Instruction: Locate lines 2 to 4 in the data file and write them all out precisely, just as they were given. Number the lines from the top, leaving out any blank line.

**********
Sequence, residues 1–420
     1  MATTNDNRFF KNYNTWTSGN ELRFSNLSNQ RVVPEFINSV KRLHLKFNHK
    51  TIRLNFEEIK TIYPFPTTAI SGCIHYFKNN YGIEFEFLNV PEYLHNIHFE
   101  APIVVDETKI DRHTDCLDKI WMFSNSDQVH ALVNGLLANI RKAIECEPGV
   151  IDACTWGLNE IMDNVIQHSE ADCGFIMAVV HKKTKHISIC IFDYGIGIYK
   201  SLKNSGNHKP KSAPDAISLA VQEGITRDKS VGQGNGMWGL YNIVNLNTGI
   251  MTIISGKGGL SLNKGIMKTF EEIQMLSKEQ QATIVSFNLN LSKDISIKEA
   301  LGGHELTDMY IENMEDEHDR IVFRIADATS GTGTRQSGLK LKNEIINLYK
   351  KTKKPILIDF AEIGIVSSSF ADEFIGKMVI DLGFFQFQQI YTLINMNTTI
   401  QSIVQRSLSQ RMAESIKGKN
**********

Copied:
     1  MATTNDNRFF KNYNTWTSGN ELRFSNLSNQ RVVPEFINSV KRLHLKFNHK
    51  TIRLNFEEIK TIYPFPTTAI SGCIHYFKNN YGIEFEFLNV PEYLHNIHFE
   101  APIVVDETKI DRHTDCLDKI WMFSNSDQVH ALVNGLLANI RKAIECEPGV